“Like most people of color, black people in the New World, I came by my passion for literature in a circuitous way, a night journey marked by music, movement, improvisation, and smells of perfume, sweat and humid star-flickering nights,” the playwright and poet Ntozake Shange wrote in her book of essays entitled “Lost in Language & Sound: Or how I found my way to the arts.” To read Ntozake Shange talk about her inspirations is to be astonished by the breadth and depth of her influences. “I pay tribute and homage, first to the wonderous miracle of language on an African’s tongue….”
And so it seems apt that, ten months after Shange died at the age of 70, the theater collective of six African-American producers known as Harlem9 is paying tribute and homage to Shange in their ninth annual “48 Hours in Harlem” on August 25th.
As I explain in my article for TDF Stages, How African-American Classics Are Inspiring a New Generation of Black Writers, Harlem9 has presented a show every year since 2011 in which participating writers, directors and actors are given just 48 hours to conceive, rehearse and mount a half dozen short plays, each inspired by a specific African-American classic.
The first year, for example, among the six then-emerging playwrights assigned what Harlem9’s Sandra A. Daley-Sharif calls this “exercise in creativity,” Dominique Morisseau wrote “The Masterpiece” inspired by George C. Wolfe’s “The Colored Museum,” Mfoniso Udofia wrote “Hunger” inspired by Amiri Baraka’s “Dutchman,” and Keith Josef Adkins wrote “Potato Salad” inspired by Charles Fuller’s “Zooman and the Sign.” (These and subsequent new plays from the annual show have been collected in four published anthologies, included one generated from “48 Hours in El Bronx,” a Latinx-focused edition that Harlem9 has presented in collaboration with Pregones/Puerto Rican Traveling Theater since 2016.)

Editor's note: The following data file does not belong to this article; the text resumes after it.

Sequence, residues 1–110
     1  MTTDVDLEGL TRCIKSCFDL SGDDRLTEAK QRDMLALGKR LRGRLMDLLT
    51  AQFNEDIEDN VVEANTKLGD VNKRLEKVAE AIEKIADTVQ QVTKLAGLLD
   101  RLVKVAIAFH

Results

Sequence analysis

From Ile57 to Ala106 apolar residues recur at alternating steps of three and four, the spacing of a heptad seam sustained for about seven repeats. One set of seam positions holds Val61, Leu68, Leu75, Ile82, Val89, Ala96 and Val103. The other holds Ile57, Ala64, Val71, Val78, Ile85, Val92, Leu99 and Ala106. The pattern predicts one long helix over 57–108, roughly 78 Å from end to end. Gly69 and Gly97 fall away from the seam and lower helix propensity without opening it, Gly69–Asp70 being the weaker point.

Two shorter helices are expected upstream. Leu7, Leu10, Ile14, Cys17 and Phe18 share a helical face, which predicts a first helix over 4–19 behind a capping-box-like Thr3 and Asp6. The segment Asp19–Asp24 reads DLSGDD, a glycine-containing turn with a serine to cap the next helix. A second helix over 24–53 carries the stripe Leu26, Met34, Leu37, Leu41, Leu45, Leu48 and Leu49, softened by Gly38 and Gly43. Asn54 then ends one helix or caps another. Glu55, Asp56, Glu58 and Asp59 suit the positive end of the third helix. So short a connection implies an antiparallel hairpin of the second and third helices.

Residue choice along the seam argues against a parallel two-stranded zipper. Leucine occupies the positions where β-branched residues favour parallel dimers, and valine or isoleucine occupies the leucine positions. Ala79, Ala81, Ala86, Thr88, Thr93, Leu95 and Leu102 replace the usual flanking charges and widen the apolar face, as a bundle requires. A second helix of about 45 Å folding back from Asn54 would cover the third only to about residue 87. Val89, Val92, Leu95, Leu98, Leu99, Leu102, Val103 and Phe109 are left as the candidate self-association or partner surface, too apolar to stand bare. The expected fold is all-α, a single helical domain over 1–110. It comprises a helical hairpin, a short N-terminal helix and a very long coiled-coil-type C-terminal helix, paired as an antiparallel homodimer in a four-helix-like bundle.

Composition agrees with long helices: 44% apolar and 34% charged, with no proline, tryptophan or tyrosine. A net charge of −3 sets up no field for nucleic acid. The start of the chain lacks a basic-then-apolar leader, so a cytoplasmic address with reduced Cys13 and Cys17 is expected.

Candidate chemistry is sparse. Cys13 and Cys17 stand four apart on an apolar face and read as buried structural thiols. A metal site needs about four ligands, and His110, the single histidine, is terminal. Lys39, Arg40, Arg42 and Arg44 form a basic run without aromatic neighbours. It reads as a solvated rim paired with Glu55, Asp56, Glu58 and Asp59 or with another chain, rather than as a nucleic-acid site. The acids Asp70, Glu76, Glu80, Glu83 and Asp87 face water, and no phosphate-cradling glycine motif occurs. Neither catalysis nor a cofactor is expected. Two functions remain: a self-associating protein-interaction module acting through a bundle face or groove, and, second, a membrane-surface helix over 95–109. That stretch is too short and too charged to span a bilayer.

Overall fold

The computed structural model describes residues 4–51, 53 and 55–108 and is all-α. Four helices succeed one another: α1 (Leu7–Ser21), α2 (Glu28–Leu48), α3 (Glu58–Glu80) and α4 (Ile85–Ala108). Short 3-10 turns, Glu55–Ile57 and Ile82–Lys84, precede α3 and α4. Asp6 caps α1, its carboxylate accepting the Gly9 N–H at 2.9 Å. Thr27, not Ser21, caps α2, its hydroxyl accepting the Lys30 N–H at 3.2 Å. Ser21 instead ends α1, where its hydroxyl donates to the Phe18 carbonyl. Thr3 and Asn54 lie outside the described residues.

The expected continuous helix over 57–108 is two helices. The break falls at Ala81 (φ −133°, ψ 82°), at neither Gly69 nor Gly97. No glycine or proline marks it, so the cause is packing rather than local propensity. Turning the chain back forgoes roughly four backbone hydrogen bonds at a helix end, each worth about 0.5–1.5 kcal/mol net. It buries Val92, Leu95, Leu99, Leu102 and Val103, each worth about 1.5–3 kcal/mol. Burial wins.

Twice before over the years, Harlem9 has assigned playwrights to riff on Shange’s best-known work, “for colored girls who have considered suicide / when the rainbow is enuf,” which ran on Broadway for 742 performance starting in 1976, making Shange only the second black woman (after Lorraine Hansberry) to have authored a play on Broadway. Shange called “for colored girls…” a “choreopoem” for its mix of poetic monologues, music and dance, and marveled that “the cast is enveloping almost 6,000 people a week in the words of a young black girl’s growing up, her triumphs & errors, our struggle to become all that is forbidden by our environment, all that is forfeited by our gender, all that we have forgotten.”
In October, the Public Theater, which presented Shange’s choreopoem before it moved to Broadway, will revive it.
And for the first time, all six source inspirations for the August 25th “48 Hours in Harlem” will be by the same writer — Ntozake Shange.
“People do not know how much she wrote,” says Garlia Cornelia Jones, one of Harlem9’s founders who’s also serving as the line producer for the Public Theater’s revival of “for colored girls.” “The first thing people associate with her is for colored girls… and they stop there. Her obituary said she wrote 15 plays.” — 15 plays, 19 poetry collections, six novels, five children’s books and three essay collections. “But her poems too are full of characters and story.”
“for colored girls…” is one of the six works that will be assigned at random to one of the playwrights on August 23rd. But there is also a novel (“Sassafrass, Cypress & Indigo”) among the other works, which include “spell #7,” “A Photograph: Lovers in Motion,” “Black & White Two-dimensional Planes” and “boogie woogie landscapes.”
The playwrights who will take on the challenge:
Karen Chilton, C.A. Johnson, Liz Morgan
Aurin Squire, York Walker, Charles White